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Most police officers who kill people still aren’t charged. But charges are getting more common.

A Cleveland grand jury and Cuyahoga County prosecutor Tim McGinty decided Monday not to indict police officers in the 2014 killing of 12-year-old Tamir Rice, who was playing with a toy gun in a park. Many feel the decision is a miscarriage of justice, and a symbol of how the criminal justice system gives entirely too much deference to cops who shoot people, especially people of color.

That might be true. But high-profile incidents where officers aren't indicted, like this case in Cleveland — or aren't convicted, like the Baltimore police officer whose trial in the death of Freddie Gray resulted in a hung jury earlier this month — might be obscuring a broader change in the system. There's evidence that prosecutors really have been more willing, in 2015, to charge police officers with crimes for use of force than they were in previous years.

18 officers were charged in 2015 — up from an average of 5

The Washington Post has been tracking police killings throughout 2015. According to their count, 18 officers have been charged with crimes for killing people they were charged to protect.

That doesn't sound like much — especially because, according to the Post, 975 people have been killed by police in 2015. But it's a substantial increase over previous years. An analysis the Post did earlier this year showed that, from 2005 to 2014, only 54 police officers were indicted over fatal shootings — an average of 5 per year.

According to the Post:

Half of the 2015 indictments stemmed from shootings that occurred during the year, while the rest date back as far as 2011. In 10 of the 2015 cases, prosecutors had a video record of the shooting, a big increase over previous years.

Prosecutors have political reasons to go easy on police

The uptick in criminal charges filed against police in 2015 doesn't mean there's been a total transformation in American criminal justice. Whenever you're dealing with numbers this small, there's always a possibility that year-to-year fluctuations are just statistical blips that don't reflect any lasting trend. But there's a logical argument that the factors that lead prosecutors not to want to charge police with crimes might actually be changing — or at least might be counterbalanced by a growing incentive for prosecutors to show that they treat all defendants equally, whether or not the defendant wears a badge.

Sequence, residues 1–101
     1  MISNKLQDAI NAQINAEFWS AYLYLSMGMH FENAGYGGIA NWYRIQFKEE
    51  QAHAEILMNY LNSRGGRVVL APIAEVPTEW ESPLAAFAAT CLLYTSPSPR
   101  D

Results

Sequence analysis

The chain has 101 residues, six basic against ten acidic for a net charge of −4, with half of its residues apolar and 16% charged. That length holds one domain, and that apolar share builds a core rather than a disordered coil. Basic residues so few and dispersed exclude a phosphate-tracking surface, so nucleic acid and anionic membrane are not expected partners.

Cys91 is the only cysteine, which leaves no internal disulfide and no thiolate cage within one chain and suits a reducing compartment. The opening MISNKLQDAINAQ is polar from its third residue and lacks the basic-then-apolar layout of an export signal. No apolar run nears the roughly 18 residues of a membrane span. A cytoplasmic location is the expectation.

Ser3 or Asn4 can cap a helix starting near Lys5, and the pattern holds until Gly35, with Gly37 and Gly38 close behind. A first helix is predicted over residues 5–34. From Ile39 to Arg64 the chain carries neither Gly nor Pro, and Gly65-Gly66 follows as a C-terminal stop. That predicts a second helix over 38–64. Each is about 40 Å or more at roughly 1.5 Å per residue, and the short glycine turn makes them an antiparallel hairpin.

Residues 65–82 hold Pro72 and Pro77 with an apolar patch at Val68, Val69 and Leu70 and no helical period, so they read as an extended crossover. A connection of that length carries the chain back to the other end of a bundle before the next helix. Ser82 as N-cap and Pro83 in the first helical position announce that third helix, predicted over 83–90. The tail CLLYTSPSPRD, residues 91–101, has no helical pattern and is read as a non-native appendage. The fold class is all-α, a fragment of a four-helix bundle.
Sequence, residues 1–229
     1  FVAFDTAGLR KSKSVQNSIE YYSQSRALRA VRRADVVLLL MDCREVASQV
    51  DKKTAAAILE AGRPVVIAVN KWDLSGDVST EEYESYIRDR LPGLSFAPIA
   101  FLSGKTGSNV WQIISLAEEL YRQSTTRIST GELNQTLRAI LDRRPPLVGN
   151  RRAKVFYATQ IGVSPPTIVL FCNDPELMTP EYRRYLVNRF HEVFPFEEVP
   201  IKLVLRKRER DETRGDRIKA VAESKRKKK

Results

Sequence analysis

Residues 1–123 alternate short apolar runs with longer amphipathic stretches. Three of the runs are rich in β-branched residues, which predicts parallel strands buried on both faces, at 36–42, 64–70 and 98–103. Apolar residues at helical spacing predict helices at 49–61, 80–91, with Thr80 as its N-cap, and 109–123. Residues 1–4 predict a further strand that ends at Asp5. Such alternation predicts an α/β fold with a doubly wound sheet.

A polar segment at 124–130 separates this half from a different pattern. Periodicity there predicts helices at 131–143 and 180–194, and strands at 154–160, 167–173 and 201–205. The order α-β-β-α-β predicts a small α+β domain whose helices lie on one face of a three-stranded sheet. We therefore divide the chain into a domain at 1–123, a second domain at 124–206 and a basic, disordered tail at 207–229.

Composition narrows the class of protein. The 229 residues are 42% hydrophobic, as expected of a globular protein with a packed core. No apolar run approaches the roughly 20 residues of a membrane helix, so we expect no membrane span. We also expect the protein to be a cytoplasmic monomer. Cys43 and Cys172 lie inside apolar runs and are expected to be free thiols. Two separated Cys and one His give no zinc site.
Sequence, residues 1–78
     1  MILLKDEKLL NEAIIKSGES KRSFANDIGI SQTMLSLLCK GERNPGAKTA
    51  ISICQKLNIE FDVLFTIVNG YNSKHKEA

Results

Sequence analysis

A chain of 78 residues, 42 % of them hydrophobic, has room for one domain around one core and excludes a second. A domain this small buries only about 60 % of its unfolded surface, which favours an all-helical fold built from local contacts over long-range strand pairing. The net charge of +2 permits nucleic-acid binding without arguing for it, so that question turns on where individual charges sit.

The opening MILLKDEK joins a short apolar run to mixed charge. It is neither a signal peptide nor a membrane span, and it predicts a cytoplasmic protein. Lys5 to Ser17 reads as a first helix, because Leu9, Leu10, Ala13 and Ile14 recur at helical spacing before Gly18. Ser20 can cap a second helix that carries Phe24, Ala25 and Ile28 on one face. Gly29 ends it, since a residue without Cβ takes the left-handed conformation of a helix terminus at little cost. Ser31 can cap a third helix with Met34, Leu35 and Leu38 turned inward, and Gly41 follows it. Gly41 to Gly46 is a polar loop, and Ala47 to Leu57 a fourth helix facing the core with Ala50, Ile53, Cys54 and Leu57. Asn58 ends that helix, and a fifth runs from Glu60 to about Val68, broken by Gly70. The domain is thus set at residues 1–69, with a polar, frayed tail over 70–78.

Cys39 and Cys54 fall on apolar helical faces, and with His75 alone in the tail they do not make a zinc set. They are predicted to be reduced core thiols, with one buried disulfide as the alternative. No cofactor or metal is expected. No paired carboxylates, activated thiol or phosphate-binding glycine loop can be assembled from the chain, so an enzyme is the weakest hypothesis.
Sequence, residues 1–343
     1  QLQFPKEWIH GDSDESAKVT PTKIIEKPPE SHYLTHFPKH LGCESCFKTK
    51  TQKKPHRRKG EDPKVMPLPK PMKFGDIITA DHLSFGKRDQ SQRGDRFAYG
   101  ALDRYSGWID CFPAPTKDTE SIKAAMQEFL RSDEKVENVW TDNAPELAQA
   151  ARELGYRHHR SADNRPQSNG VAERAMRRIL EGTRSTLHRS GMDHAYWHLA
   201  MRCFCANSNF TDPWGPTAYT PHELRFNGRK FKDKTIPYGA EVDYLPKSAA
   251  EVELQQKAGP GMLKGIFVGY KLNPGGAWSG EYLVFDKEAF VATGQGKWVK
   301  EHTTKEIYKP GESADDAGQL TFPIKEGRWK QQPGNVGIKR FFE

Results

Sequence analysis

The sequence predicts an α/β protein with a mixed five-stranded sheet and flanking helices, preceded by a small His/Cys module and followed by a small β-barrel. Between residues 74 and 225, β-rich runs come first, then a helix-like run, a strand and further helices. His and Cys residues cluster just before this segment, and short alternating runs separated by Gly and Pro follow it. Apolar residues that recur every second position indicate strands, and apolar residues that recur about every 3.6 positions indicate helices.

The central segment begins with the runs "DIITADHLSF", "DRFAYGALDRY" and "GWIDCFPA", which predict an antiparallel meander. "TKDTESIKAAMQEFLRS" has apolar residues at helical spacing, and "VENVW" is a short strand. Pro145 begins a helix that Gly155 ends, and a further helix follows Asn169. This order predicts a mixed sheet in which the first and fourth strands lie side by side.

The single biggest truth about prosecutors and police officers is that prosecutors rely on police to get their jobs done. That's a pretty powerful disincentive for a prosecutor to tick a police department off — by, say, indicting one of its officers for killing someone in the line of duty.

In some cases, prosecutors who do charge police officers in shootings really do face retaliation from the department. As my colleague German Lopez noted earlier this year, the day after a prosecutor in Albuquerque, New Mexico, indicted officers in one shooting, a prosecutor in her office was kept out of a briefing on another shooting.

Usually, though, police officers don't need to issue threats to get prosecutors to treat them well. As criminologist Thomas Nolan has told Vox, prosecutors interact with police officers every day on cases. They develop a relationship. That relationship — with an individual officer or his department — makes it hard for prosecutors to be objective when the officer is facing potential criminal charges.

Prosecutors might be realizing there are political benefits to treating police like everyone else

Since the summer of 2014, when the killings of Eric Garner and Michael Brown by police officers sparked sustained protests and fueled the Black Lives Matter movement, the criminal-justice system's treatment of police officers who shoot people, in general, has come under increasing scrutiny. That includes the cozy relationship between prosecutors and police.

Scrutiny doesn't automatically produce change. But it has created greater public awareness of the role prosecutors play in determining whether police go to trial for killing people. And many activists and interested community members have started targeting prosecutors to demand that officers "face justice."

Prosecutors don't necessarily want to jeopardize their relationships with police officers simply because some members of the public want them to file charges. But at a certain point, ignoring what the public wants is dangerous for a prosecutor. Prosecutors are elected officials — if they manage to upset the public enough, the public might remember to vote them out of office.

For decades, this political pressure has led prosecutors to be "tough on crime" — assuming that the people who care about crime enough to vote based on it are the ones who want to see as many criminals locked up as possible. (According to some criminologists, like John Pfaff of Fordham University, this has actually been a major driver of the rise of mass incarceration.) But as issues of both policing and incarceration have become important to progressives — and, in particular, to communities of color — the politics have gotten more complicated. In particular, prosecutors who attract broad media attention for being overly harsh on people of color have faced a backlash.

Under the status quo as it existed before 2014, charging a police officer made a prosecutor's job harder. But in a world where the public pays a lot of attention to police shootings, not charging a police officer could put a prosecutor in danger of losing her job entirely.